Kiwi Supercars driver Scott McLaughlin is a fan of the new qualifying format that will be used at this weekend's round in Tasmania despite it being a bit confusing.

Supercars will use a Formula 1-style format that sees cars progress through three stages of qualifying due to the short length of the track and the risks of having 26 cars trying to post flying laps while avoiding cars on or in laps.

Combined practice times will see the top 10 fastest drivers go straight to Q2 while the drivers that finished 11th to 26th hit the track for 10 minutes in Q1. From that group of 16, the fastest six progress to Q2, while the others fill positions 17 to 26. The top 10 in Q2 progress while the six slowest set their grid positions 11-16. The top 10 have one more crack in Q3 to set their positions on the grid.

"It is very similar to Formula 1," McLaughlin told Radio Sport. "It gets quite dangerous at a short track like this to find space amongst 28 odd cars.

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"I think they have gone the right way about it - it is going to be a bit confusing but once everyone gets used to it I think it is the right way."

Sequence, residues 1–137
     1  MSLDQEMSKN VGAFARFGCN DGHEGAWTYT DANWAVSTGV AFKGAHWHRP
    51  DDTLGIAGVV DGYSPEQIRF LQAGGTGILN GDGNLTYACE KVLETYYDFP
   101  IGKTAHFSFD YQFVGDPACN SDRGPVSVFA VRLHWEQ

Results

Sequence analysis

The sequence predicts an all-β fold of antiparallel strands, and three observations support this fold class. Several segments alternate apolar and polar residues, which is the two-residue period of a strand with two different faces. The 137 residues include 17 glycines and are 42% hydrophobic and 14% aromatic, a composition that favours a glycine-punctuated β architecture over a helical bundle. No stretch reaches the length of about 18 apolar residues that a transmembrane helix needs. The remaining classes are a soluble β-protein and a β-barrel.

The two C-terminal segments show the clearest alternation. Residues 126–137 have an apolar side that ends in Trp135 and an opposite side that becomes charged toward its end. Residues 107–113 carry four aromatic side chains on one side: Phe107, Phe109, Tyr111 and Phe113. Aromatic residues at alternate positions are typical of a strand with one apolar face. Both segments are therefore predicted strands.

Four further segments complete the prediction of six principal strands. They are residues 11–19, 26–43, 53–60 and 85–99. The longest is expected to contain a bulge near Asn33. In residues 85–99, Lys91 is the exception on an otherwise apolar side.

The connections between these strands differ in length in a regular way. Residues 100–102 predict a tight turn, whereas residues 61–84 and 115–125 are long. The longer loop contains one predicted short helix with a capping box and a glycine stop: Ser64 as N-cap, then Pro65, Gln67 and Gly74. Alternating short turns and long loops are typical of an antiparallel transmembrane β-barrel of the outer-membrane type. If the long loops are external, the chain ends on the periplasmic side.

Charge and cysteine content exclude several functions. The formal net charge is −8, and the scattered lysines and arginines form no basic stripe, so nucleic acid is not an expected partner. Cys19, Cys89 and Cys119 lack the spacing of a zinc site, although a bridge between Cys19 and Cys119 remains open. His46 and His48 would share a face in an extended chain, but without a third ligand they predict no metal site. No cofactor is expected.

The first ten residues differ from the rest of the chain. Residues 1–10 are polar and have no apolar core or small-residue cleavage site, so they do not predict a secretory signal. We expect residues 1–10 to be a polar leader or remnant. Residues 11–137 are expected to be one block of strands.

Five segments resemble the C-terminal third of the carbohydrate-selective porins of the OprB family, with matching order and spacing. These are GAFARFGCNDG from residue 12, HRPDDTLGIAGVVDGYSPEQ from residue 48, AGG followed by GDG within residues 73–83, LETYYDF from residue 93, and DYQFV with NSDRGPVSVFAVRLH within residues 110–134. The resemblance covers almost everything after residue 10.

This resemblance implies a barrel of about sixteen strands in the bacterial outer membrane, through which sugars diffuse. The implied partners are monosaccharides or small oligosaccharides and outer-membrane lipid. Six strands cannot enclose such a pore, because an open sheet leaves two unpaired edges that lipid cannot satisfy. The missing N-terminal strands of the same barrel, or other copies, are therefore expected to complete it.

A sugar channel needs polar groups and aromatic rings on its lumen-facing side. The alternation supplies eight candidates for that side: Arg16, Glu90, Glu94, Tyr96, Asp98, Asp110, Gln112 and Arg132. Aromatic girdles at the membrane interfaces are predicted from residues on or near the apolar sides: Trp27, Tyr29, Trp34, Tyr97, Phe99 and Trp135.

McLaughlin's Shell V-Power Racing Ford outfit was the team to beat last year - the 24-year-old stormed to a record 16 pole position starts and missed winning the championship by a whisker at the final round in Newcastle.

But a disappointing opening round in Adelaide and a couple of costly errors in Melbourne a fortnight ago see him head to Symmons Plains third in the standings and trailing compatriot Shane van Gisbergen by 61 points.

McLaughlin isn't too worried about whether his Ford is fast enough this year but is more concerned with his own driving form.

"I think there is a bit to go yet but I am leaving that to the technical department. The team [is] going the right way about it.

"We are just trying to knuckle down. Obviously me and Fabs [teammate Fabian Coulthard] know there is a bit to come from us.

We need to do a bit better job. There were a couple of mistakes that I made at the Grand Prix that I wasn't too happy with myself for and I am trying to rectify that.

"We qualified first, first and second in the first three races and in the last qualifying I made a blue and qualified ninth when I could have been on the front row.

"At the start of the third race I was leading by a decent run and I made an absolute balls-up and went straight off at turn one.

"The team gave me a great car and I made a couple of mistakes - I really had to look at myself had and work on them and I have made a big focus on that for Tasmania this weekend."

McLaughlin is confident he can get his championship on track at the short but demanding Tasmanian track.

"[It's] very tight and twisty when you get out there," he explained. "It always throws up challenges - weird things happen here.

"I think you need good engine power, which we believe we have, and hopefully we can get it done."